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    @Gilles I didn't say anything about banning the tag: I just provided some stats as supplemental data to the opinions and colorful language in the answers here. If % answered on a Q&A site isn't a meaningful statistic, what would be? – user366 Jun 24 '12 at 22:34
  • Comparing answer rates with works of similar popularity. This might be difficult, since you'd have to aggregate low-count tags with a lot of cluster effects. Another statistic that I'd like to know is what retention rate we have: if a new user asks a story id question and receives an answer, what's the probability that they stay around? How does this compare with the site average, and with the site average excluding popular works? – user56 Jun 24 '12 at 22:41

I'm currently the all-time top user for the story-identification tag, so it's probably not hard to guess that I'm in favour of retaining it. It's by no means an arbitrary guessing game; many (although of course not all) questions have more than enough detail to uniquely identify the work that they have in mind.

Or in other words, the story-identification tag has good questions with unique and verifiable answers and bad questions that can't be answered based on the question. Which is the same as for any other tag.

If we're going to ban anything, let's ban questions that ask for in-universe answers, which either can't be verified as correct or could easily be rephrased to not be in-universe ("What is the textual evidence for...").


I am going to add a bit of a proposed policy to this.

If the OP knows the answer to the question when he is asking the question, then it should not be allowed.

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    I'll support this for well-known works and with emphasis on story ID questions only. We've at least twice had internal strife caused solely by a poster asking to ID a story they already knew, and such artificial questions are unlikely to help anyone in the future. – Kevin Apr 2 '12 at 3:07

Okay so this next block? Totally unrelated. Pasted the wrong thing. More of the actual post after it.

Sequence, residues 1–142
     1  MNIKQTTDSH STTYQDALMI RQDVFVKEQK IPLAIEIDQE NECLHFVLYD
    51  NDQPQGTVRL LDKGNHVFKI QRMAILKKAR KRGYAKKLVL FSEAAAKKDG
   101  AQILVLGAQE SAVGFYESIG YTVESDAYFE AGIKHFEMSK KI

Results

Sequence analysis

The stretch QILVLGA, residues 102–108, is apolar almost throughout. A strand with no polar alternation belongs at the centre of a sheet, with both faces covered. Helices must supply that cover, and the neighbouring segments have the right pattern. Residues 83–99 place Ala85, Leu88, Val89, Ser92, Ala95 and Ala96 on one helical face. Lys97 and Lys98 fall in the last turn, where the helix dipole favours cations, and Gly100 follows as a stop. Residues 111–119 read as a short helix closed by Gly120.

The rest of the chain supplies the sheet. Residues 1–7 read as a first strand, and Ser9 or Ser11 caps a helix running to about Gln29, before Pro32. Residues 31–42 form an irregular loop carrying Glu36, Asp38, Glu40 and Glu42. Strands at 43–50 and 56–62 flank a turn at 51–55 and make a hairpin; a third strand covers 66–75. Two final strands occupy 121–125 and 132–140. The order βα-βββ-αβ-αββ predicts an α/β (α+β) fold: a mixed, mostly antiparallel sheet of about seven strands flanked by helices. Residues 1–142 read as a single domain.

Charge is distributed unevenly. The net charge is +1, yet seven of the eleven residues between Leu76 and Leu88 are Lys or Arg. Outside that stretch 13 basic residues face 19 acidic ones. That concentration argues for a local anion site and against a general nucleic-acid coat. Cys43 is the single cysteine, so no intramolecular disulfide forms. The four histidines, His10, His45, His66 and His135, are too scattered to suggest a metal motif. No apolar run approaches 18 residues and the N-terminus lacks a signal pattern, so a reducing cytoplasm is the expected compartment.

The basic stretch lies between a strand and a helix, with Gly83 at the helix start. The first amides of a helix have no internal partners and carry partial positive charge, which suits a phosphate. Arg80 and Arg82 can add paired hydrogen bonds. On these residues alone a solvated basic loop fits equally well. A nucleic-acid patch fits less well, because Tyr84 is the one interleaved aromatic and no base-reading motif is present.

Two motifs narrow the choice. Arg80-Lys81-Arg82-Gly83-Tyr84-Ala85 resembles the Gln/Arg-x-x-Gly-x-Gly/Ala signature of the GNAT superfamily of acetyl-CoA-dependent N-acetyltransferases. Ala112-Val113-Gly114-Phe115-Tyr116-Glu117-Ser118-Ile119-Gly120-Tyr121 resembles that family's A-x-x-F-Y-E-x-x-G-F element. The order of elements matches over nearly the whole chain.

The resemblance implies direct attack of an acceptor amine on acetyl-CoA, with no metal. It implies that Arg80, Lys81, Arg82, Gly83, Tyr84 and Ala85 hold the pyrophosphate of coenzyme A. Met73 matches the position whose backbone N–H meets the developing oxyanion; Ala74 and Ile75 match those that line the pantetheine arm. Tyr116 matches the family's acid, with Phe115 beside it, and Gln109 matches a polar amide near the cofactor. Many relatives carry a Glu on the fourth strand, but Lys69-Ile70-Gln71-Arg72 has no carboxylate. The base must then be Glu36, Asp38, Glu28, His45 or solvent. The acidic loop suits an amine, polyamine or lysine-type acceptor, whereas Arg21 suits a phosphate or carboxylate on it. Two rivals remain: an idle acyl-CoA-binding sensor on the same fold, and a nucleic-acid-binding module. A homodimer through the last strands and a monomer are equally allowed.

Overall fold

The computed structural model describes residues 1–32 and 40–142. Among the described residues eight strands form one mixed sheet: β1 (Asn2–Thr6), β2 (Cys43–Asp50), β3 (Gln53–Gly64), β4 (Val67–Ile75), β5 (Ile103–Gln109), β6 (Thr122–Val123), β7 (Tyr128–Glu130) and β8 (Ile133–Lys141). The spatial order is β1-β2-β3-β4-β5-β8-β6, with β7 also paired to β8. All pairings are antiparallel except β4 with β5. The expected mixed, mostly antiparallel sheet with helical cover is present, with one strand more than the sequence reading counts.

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    How are we to prove that the OP knows the answer? – OghmaOsiris Apr 2 '12 at 6:07
  • See Appropriateness of seeding an identification question But as OghmaOsiris points out, making this a rule is iffy since it's easy to dodge. – user56 Apr 2 '12 at 7:31
  • @OghmaOsiris: It is difficult to prove, but occasionally, it is possible. Best judgement must be used... – PearsonArtPhoto Apr 2 '12 at 13:25

I actually think that these questions are important even though there has been a rash of trolling lately. If you are looking for something and haven't found the information then why not ask a community that might help you find the answer. I do think that there should be more rules imposed on a identify this question and maybe they should be moved up on the privilege ladder since a lot of trolls are showing up. I only joined Science Fiction and Fantasy StackExchange because of a story identification question I had. I gave a good description and received an answer right away. I had been searching for years and now I have peace of mind on that question.

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    The recent spate of low-quality questions is just one troll. We can't restrict new users from asking questions (this would violate a basic tenet of Stack Exchange). I expect he'll get tired of it soon. – user56 Mar 15 '12 at 21:02

I happen to agree with Jeff Atwood's blog.

Case in point:

Story Identification: Young adult novel, horror, teens play a D&D variant, but things start to turn real

You can't complain that it's a poorly written question - Keith H Weston is a long time user and it shows that he put in a decent amount of effort to make the question as concrete as he could.


It has 4 answers (with 5 guesses between them), ALL wrong, yet some upvoted despite "no" comment from OP.

It's a guessing game. Pure and simple.

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    I think that's more a problem with people voting for an answer that they don't actually know is correct. I, for one, don't upvote story-id answers until the OP acknowledges they are correct. – Kevin Mar 19 '12 at 20:24
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    @Kevin - yes, and it's no more - but no less - of a problem than with any other guessing game questions. – DVK-on-Ahch-To Mar 19 '12 at 22:45